On Friday, the Seattle Seahawks officially announced what every 12 suspected was going to happen; defensive end & team captain Big Red Bryant (#79) was released from the team. Bryant, who will turn 30 this April, was one of the last holdouts from the Mike Holmgren regime. He was drafted in the fourth round in 2008 from Texas A&M. The logic behind Bryant’s release was to create room for the team’s salary cap. By doing so, the team freed up $5.5 million of cap space.
It’s sad to see Bryant leave the Seahawks organization, but the NFL is a business, and I believe the Hawks had to to do this in order to continue sustained success in the future. I am glad he is leaving Seattle with a Steve Largent award and a Super Bowl ring under his belt.
For Big Red, playing for the Seahawks was a family affair. He wore #79, which belonged to his father-in-law and Seahawks Ring of Honor member defensive end Jacob Green. Green also played his college ball at Texas A&M. In college, is where Bryant started dating Green’s daughter Janelle.
Big Red anchored the defensive line and was a locker room leader. Some people have called him the heart and soul of the defense. I’m sure his leadership will be missed, but there is not a lack of leadership on this team, and somebody else step into the void.
“We All We Got! We All We Need!”
The first time I heard that phrase was during Coach Carroll’s post game speech after the Seahawks upset the defending Super Bowl Champion Saints in the wildcard playoffs in January of 2011. Nobody outside of the Pacific Northwest gave the Seahawks a snowball chance in hell to win that game, but win they did, thanks in part to the historic “BeastQuake” touchdown run by Marshawn Lynch (#24).
The chant was started by strong safety Lawyer Milloy (#36), “We All We Got!”, followed by his teammates chanting back “We All We Need!”. Big Red didn’t play that game due to an injury, but you can see his massive body jumping up and down when Pete Carroll comes over and grabs his arm.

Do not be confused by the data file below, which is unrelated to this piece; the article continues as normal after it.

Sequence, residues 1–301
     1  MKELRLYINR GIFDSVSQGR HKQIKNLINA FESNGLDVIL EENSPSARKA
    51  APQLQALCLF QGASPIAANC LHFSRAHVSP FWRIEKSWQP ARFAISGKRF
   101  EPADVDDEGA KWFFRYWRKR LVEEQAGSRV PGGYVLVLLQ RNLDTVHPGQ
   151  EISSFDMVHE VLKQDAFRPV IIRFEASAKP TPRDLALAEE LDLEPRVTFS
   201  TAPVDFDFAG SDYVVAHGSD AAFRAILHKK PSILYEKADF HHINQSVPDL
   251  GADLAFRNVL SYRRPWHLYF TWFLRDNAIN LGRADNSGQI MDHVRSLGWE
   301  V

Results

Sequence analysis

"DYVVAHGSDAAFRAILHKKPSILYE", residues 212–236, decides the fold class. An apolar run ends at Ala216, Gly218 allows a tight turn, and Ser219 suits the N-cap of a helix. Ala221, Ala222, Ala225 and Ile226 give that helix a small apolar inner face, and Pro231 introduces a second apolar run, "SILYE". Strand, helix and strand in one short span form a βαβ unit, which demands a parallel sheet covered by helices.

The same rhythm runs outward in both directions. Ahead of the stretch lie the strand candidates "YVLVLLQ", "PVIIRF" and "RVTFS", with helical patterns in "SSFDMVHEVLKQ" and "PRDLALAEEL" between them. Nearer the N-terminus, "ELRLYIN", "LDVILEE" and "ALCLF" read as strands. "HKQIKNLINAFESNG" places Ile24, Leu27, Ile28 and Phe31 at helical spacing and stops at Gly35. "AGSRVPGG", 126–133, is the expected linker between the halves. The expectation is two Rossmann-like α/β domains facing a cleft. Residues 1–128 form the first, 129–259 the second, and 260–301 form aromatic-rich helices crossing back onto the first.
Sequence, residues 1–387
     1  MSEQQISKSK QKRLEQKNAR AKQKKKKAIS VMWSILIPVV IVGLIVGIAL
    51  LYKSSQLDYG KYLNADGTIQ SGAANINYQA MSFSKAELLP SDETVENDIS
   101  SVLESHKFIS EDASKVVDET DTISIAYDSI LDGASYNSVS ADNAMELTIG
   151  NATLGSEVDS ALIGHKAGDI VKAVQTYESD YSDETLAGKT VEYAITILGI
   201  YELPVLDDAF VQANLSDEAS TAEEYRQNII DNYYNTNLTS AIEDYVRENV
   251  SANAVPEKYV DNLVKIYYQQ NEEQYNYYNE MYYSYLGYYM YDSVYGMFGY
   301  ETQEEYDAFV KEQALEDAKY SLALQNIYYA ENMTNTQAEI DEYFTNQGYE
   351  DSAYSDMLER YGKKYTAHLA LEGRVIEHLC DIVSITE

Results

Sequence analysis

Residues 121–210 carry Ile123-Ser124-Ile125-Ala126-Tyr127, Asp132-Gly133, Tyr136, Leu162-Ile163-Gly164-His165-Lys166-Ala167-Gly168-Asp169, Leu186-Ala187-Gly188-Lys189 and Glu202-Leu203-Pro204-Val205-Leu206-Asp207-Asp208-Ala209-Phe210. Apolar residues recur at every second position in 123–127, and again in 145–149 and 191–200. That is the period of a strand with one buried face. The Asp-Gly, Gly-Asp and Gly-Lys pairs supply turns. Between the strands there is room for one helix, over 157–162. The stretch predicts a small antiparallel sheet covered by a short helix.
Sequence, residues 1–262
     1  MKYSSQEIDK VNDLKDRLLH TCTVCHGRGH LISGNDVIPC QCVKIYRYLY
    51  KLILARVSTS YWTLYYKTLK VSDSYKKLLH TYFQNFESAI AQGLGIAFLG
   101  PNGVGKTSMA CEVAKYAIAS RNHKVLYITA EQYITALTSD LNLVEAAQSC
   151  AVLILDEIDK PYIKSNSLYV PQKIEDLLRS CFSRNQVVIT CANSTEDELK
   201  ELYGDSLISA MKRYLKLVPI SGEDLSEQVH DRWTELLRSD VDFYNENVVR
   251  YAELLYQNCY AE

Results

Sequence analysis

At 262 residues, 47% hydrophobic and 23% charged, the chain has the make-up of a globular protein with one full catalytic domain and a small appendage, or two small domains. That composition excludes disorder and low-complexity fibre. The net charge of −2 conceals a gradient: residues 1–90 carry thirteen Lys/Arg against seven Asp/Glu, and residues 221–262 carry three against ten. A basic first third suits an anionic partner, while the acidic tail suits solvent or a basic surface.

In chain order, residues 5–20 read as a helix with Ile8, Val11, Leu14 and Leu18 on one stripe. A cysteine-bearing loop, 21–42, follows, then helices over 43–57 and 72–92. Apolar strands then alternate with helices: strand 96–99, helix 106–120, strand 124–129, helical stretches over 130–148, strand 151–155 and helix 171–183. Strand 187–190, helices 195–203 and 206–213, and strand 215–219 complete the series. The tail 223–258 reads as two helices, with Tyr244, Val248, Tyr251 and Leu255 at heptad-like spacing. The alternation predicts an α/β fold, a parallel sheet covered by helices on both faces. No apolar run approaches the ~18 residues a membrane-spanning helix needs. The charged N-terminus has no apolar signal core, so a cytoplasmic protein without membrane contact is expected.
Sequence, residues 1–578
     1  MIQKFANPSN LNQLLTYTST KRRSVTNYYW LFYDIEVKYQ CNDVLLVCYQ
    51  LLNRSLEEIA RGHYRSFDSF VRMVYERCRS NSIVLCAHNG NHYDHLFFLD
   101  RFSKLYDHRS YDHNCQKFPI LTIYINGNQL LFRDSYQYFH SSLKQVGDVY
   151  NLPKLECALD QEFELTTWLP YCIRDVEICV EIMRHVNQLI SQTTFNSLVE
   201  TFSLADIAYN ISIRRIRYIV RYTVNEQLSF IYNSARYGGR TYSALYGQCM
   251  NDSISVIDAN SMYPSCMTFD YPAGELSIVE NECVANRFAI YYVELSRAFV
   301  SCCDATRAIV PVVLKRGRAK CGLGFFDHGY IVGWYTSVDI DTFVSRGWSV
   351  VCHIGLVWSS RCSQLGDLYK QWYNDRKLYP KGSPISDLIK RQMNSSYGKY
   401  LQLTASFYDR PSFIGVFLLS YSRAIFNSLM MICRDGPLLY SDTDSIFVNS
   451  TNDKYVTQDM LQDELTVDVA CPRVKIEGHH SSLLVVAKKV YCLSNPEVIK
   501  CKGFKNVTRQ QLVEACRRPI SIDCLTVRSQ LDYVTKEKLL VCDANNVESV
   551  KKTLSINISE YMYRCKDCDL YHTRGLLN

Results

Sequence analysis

I don’t know who created the saying, but part of me believes it was Big Red. That chant would go on to be the team and 12th Man’s mantra for the upcoming seasons. It was us against the world and that mentality served us well on the way to Super Bowl 48.
I loved the saying so much I even convinced my wife to use it as wedding advice for her speech as a matron of honor this past summer. The credit was given to Big Red.
One of my favorite Big Red memories was when he picked off Bears quarterback Caleb Hanie, thanks in part to a blitz by linebacker K.J. Wright (#50). Big Red high-stepped his 6’4″& 323 pound body, a la Deion Sanders, to the house for a touchdown at Solider Field in December of 2011.
“They Can’t Win, If They Can’t Run”
Big Red seems to have a way with words, perhaps its due to his east Texas accent. He was mic’d up for the Week 15 matchup against the New York Giants at MetLife Stadium this season. The defense was perfect that day and shutout the Giants along with intercepting Eli Manning five times. You can watch and hear Big Red in action at the 4 minute mark.
Blocking Kicks & Kicking Ass
Big Red was a extra point (PAT) and field goal blocking machine for the Seahawks. In 2011, he blocked two field goals against the Cleveland Browns, along with a field goal & PAT against the Redskins. This set a club record for blocks kicked in a season.
My favorite blocked kick by Bryant was against the 49ers on December 23, 2012 (Jim Harbaugh’s birthday) in the Week 16 Sunday Night Football game. Big Red got his big mitt on the pigskin; which bounced right into the waiting hands of cornerback Richard Sherman (#25) who took it to the house for six points. A birthday present for his old college coach. Needless to say, Seahawks Stadium erupted with joy. There’s no doubt in my 12th Man mind that it caused a seismic event. The Seahawks went on to embarrass the 49ers on national television that night winning 42 to 13.
I can already envision Big Red coming back to Seahawks Stadium in the far future to raise the 12th Man flag. The 12th Man will miss you Big Red, but we shall meet again.